Facebook will stop requiring iPhone app makers to feed the company their users’ personal data for advertising as it braces for a new privacy crackdown by Apple that could cut its revenue by billions of dollars.
Last week, Facebook told app developers that they can now let users log in via their Facebook accounts without that information being used to target them with promotions.
Previously, the social network has used its login system, which is integrated into thousands of other apps, to harvest data on people’s smartphone habits, letting it track the same users across multiple services and pitch adverts to users of specific apps.
However, those practices are thretened by an upcoming iPhone update that will force apps to show their users an aggressive consent pop-up before sharing their data with advertising companies, including Facebook.
The challenge of ‘rebuilding trust’
Facebook’s claim that it will stop using personal data from iPhone apps for advertising looks positive on the surface but raises many doubts. Is the social media giant actually able to control that, and can we trust such a statement, considering its history?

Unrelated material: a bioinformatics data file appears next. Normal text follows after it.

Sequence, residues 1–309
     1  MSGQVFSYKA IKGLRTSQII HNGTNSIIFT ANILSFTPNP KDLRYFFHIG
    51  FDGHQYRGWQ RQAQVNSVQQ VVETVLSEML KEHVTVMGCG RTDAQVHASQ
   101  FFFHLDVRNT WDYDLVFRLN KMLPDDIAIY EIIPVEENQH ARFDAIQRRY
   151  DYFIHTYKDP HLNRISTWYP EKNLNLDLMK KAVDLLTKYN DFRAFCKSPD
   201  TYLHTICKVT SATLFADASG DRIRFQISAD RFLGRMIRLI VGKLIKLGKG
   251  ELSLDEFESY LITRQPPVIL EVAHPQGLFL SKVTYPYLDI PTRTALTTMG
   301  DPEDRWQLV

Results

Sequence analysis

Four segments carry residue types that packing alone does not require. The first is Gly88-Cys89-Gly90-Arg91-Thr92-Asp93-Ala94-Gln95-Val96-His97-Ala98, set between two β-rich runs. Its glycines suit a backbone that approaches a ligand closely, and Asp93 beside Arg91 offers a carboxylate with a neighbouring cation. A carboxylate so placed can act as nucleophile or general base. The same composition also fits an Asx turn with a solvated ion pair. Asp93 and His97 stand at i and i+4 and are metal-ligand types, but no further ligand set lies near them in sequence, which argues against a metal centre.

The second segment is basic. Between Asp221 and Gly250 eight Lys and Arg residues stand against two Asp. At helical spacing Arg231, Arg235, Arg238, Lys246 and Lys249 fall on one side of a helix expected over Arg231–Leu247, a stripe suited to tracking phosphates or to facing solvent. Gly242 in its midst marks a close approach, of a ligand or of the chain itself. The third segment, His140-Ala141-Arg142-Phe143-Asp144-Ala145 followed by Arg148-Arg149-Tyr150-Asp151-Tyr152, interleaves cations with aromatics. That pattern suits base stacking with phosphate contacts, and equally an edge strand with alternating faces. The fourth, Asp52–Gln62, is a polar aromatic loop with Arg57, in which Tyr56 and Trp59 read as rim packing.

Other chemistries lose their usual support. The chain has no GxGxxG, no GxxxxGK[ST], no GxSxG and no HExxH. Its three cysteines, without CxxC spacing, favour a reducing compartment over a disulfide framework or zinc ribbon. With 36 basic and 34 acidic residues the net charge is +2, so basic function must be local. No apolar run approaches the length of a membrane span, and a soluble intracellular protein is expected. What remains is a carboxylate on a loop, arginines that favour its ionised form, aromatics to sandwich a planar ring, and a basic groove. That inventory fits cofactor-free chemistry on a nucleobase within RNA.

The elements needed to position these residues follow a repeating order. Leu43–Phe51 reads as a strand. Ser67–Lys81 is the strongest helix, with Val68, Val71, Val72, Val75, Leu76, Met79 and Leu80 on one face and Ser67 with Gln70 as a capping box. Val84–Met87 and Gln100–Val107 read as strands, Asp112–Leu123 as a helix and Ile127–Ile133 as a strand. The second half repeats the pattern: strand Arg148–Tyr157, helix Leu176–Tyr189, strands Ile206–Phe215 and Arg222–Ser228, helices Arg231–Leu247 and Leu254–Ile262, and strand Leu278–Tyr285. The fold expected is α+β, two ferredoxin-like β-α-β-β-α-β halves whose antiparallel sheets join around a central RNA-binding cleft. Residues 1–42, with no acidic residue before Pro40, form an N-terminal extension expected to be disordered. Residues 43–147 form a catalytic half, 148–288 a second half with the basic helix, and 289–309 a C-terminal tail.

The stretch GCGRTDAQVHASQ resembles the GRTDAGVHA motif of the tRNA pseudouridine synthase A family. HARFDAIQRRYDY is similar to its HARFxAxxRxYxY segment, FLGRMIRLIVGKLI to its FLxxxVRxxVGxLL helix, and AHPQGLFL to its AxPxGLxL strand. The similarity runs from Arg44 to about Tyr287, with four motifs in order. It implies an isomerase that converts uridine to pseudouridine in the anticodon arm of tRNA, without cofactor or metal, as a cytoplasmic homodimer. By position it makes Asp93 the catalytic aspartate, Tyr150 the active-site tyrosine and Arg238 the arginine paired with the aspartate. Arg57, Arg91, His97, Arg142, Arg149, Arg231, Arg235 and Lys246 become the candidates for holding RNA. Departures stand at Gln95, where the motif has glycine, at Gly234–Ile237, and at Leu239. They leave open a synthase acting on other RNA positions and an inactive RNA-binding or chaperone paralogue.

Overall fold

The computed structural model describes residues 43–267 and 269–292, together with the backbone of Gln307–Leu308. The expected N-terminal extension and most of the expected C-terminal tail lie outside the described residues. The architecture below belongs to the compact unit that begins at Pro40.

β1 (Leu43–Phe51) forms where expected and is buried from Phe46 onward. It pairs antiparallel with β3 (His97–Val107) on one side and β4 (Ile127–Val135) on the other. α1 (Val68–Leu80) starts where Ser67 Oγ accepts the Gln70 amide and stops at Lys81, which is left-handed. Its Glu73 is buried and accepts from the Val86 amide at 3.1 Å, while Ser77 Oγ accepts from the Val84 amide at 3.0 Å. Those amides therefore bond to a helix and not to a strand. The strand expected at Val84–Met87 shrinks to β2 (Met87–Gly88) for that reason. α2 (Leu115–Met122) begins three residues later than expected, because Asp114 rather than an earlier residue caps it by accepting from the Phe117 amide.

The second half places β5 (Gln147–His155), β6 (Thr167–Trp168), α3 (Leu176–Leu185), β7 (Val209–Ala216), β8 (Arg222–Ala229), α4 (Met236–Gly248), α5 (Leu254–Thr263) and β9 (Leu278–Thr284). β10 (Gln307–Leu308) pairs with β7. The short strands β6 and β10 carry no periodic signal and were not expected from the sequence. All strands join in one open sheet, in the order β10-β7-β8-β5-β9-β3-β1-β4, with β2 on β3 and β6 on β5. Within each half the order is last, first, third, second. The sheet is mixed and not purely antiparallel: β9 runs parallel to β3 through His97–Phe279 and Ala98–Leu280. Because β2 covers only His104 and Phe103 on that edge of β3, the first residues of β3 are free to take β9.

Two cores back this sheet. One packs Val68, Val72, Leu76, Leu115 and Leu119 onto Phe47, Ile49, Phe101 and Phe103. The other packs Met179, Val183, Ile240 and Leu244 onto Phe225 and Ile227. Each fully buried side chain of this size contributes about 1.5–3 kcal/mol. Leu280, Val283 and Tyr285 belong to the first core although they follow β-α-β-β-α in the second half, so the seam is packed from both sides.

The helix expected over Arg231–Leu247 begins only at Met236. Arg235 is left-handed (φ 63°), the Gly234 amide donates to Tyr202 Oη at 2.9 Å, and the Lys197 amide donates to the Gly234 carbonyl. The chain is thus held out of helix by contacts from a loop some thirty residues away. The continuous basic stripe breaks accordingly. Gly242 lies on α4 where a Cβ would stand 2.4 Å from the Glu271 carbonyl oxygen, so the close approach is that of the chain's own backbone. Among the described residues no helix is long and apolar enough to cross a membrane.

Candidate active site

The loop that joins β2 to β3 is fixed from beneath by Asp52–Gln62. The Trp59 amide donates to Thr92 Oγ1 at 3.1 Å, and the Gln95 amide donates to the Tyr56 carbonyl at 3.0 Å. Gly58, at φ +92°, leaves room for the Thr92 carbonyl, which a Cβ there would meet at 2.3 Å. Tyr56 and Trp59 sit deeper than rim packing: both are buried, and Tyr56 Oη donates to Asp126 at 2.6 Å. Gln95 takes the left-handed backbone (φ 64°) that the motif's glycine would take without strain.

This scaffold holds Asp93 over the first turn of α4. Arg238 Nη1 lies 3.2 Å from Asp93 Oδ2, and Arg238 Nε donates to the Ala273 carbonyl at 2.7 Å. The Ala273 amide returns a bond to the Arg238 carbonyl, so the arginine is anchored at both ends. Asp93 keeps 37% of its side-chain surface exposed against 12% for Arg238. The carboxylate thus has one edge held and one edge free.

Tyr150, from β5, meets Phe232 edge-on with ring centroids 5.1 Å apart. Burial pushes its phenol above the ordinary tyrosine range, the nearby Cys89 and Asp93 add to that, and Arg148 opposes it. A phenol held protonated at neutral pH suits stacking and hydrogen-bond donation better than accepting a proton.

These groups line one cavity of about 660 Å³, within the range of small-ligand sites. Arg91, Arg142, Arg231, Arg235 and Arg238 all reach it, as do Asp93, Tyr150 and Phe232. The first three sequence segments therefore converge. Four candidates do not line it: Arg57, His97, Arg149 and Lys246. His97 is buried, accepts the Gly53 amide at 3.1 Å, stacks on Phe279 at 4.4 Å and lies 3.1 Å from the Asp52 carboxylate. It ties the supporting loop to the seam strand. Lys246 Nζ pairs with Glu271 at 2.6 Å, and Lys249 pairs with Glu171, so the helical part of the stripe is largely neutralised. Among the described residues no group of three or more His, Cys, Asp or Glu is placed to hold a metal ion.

Ben van Enckevort, CTO and Co-founder at data privacy startup Metomic, said: “Facebook’s claim that it will stop using personal data from iPhone apps for advertising raises doubt. On the surface, this seems like a positive step towards a privacy-first culture. However, typically, once data is inside an organisation, the ability to keep track of where it is and how it’s being used by teams is lost. Ideally, all businesses – especially of a large scale – should have full visibility over their data privacy. To be on top of its new commitment, Facebook must have mechanisms in place to ensure it knows how its entire data lifecycle is being used and by whom at all times. Only with complete control can companies like Facebook keep their promise to use sensitive data in the way their customers have sanctioned. This will be crucial for rebuilding and maintaining customer trust – something the social media giant knows is hard to earn, but very easy to lose.”